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Subject:
From:
"Kester, Rush W." <[log in to unmask]>
Reply To:
Kester, Rush W.
Date:
Thu, 20 Apr 2000 12:55:01 -0400
Content-Type:
text/plain
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text/plain (103 lines)
The following is Bill Poucher's response to my query about Ada's status in
the
ACM's International Programming Contest.

IMO, This is a "Catch 22" problem.  Ada will be included only if there are
more
teams that state preferences for Ada.  There will be few Ada teams as long
as the published rules prevent them from going on the finals.  If there are
no Ada teams
at the ACM World Finals where decision for next years languages is made, it
is unlikely to change.

The one possible means to break-into the cycle is to correspond with the
ACM-ICPC
volunteer leaders, see Contact on http://acm.baylor.edu/acmicpc/   However,
this
would only be credible if there are, in fact, teams that would prefer to use
Ada.
Any takers?

Rush Kester

-----Original Message-----
From: Bill Poucher [mailto:[log in to unmask]]
Sent: Thursday, April 20, 2000 7:31 AM
To: 'Kester, Rush W.'
Subject: RE: Ada in ACM's 2000 ACM National Programming Contest


The contest is international.  There are 69 countries that compete.  Over
1/2 of the participation is from outside of North America.

The problem focuses on problem solving.  Introducing additional languages
adds additional complication to systems configuration, testing, and the
problem testing process.  This is only done if there are a significant
number of teams disenfranchised by the choice of language.  That is not the
case with Ada.

The ACM Programming Contest Steering Committee determines policy each year
at the ACM World Finals.  If you are interested in making a proposal please
send it to [log in to unmask] for inclusion in next year's steering
committee.

Go the web site at http://acm.baylor.edu/acmicpc/ and click on Contacts if
you would like to share your concerns with a larger group of ACM-ICPC
volunteer leaders.

Thanks for your interest in the ACM Programming Contest.

Bill Poucher

-----Original Message-----
From: Kester, Rush W. [mailto:[log in to unmask]]
Sent: Thursday, April 20, 2000 8:44 AM
To: 'Bill Poucher'
Subject: RE: Ada in ACM's 2000 ACM National Programming Contest


Bill,

Thanks for getting back to me.  By whom, and on what criteria, is the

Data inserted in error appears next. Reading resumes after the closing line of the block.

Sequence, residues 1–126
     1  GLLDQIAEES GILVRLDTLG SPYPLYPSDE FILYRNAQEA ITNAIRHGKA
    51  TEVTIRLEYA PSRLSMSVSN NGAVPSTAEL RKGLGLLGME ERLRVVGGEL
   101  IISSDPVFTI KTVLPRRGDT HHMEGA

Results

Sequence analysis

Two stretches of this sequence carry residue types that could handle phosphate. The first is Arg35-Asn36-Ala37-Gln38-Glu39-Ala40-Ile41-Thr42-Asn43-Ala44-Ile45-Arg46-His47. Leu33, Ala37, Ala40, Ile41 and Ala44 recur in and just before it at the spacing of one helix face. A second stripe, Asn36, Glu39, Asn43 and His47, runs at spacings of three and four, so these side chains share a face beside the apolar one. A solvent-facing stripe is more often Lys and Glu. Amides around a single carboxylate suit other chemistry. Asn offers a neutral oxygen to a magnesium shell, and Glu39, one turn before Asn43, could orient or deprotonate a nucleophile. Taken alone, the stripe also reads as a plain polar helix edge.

decision on the programming languages allowed at the national level made?

Do the the reasons you cite below apply to your regional or the national
contest?

You indicated your reasons for not including Ada were:
  1) most students don't know Ada or if they do they know other languages,
        and
  2) the volunteer judges don't know Ada.

While as you say below "students know other languages," why exclude Ada
which some students may prefer based on their experience, and its problem
solving power.  Some universities, e.g., those on "Ada-First" use Ada as
the first language in their computer science curriculum because it gives
the students a better "software engineering" foundation.  Many, especially
the European's place value on the fact that Ada is an ISO standard
object-oriented language.

If you are looking for volunteer judges who know Ada and the other languages
you presently allow, please contact Team Ada ([log in to unmask]) or Ada
First([log in to unmask]).

Rush Kester
Johns Hopkins Univ/Applied Physics Lab
-----Original Message-----
From: Bill Poucher [mailto:[log in to unmask]]
Sent: Wednesday, April 19, 2000 2:51 PM
To: [log in to unmask]
Subject: ADA


The languages supported are C, C++, Pascal, and Java. It is very rare that
there are students who know Ada that do not also know of these languages.
Since every problem must be solved in every language by the judges, adding
another language increases the load on or volunteer judges.

Most contestants use C/C++.  Some European and Asian contestants use Pascal.
Java is not used a lot, but is increasing in use.  Pascal is decreasing in
use.

Bill

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